‘Viva Republica’ Sustained Hacking Incident on the ‘Toss’ Payment Platform

By Bill Toulas / June 10, 2020

‘Viva Republica,’ the owner and operator of the ‘Toss’ money transfer platform, has announced a security incident. More specifically, the company has detected a total of eight unauthorized purchases carried out by hackers who used the PII (personally identifiable information) of legitimate clients. The actors managed to make acquisitions worth approximately $79,000, charging the rightful owners with the amount on June 3, 2020. The platform has detected the fraudulent nature of the transactions and proceeded to refund its clients as there could be no reversion. Although noteworthy, the amount wasn’t anything catastrophically large, but the problem lies elsewhere anyway.

The hackers used the real names of legitimate ‘Toss’ users, and also their phone numbers, their birth dates, and they even knew their PINs. ‘Viva Republica’ stated that there’s no way that this information was leaked by the company, as there have been no security breaches on their systems. The ‘Toss’ platform does not store this type of data on its servers, so it claims that the actors sourced it from somewhere else. Already, they have informed the law enforcement authorities of all the technical details, and they are cooperating to get to the bottom of the matter.

In addition to the above, ‘Viva Republica’ stated that although they did nothing wrong, they are still planning to upgrade the security on the ‘Toss’ platform, essentially blocking any account compromise attacks launched by hackers who are using stolen personal data in the future. No matter whether the payments company is being entirely honest or not, the incident has caused a stir in South Korea, where people use it extensively. ‘Viva Republica’ was launched as a promising startup in 2011, after a record-breaking funding of $261 million, and an estimated valuation of over two billion USD that earned the firm the “unicorn” status.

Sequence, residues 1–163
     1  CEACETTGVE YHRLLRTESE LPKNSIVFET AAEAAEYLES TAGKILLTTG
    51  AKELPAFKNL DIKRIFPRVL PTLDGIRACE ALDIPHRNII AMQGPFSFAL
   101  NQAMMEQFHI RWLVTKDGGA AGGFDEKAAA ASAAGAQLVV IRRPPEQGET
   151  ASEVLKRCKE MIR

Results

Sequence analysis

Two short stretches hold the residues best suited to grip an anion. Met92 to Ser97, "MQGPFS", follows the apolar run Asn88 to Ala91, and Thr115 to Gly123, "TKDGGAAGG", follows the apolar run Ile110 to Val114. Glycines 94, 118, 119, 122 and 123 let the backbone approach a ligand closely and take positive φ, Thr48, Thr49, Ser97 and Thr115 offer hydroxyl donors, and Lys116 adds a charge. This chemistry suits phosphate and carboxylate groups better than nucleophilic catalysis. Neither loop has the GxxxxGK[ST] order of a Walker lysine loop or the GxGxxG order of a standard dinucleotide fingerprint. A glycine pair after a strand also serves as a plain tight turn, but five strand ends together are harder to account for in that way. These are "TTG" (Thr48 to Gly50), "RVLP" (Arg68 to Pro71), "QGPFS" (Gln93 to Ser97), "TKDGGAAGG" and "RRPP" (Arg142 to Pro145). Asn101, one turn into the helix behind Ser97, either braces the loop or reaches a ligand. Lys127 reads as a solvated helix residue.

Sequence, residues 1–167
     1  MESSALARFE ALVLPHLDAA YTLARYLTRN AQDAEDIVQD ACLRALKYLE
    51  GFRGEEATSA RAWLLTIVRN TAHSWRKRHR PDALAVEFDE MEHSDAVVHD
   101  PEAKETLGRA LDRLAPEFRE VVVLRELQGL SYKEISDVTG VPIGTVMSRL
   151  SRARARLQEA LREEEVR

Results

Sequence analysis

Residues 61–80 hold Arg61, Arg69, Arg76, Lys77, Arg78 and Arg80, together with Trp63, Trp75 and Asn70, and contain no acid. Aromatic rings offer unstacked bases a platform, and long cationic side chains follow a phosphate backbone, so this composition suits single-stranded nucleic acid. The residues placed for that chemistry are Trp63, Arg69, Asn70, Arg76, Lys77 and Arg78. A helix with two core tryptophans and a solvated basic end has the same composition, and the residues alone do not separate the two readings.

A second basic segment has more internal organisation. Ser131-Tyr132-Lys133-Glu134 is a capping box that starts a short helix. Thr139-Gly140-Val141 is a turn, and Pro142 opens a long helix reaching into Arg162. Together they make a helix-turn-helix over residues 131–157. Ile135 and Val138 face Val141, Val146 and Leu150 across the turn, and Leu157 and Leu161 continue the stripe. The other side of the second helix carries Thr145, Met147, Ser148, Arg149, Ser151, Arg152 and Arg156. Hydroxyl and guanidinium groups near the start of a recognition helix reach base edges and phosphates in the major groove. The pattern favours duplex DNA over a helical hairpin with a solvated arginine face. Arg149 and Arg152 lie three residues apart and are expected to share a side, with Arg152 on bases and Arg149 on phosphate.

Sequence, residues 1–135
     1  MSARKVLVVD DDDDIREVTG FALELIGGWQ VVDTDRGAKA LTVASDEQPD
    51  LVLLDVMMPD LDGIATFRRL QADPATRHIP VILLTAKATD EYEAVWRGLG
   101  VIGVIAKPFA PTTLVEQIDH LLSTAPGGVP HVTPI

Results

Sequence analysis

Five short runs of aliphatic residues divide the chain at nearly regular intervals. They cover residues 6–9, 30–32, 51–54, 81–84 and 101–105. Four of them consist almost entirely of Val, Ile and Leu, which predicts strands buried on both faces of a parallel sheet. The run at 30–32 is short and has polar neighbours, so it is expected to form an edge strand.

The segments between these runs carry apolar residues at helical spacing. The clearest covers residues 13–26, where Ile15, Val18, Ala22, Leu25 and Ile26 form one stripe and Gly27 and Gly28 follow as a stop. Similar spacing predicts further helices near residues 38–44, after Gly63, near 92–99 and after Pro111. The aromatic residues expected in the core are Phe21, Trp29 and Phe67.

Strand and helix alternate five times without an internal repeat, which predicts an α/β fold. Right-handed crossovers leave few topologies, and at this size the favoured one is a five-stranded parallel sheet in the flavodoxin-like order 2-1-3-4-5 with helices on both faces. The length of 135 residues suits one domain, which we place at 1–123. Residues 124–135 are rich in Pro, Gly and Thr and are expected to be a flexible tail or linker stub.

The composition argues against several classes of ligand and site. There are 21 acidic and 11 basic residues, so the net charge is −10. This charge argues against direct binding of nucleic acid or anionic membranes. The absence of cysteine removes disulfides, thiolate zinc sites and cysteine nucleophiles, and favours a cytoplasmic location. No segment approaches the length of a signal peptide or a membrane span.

Now, and with the COVID-19 situation pushing people towards electronic, contactless payments, the popularity of ‘Toss’ exploded. Until recently, Toss was serving 13 million users and had processed over $10 billion in P2P payments. The news of fraudulent transactions hitting the platform is certainly coming as a warning to its users that nothing is utterly safe. One breach or a single leak on an online platform may have grave consequences elsewhere, so you cannot afford to take the data’s security lightly, no matter how insignificant an online service may be.

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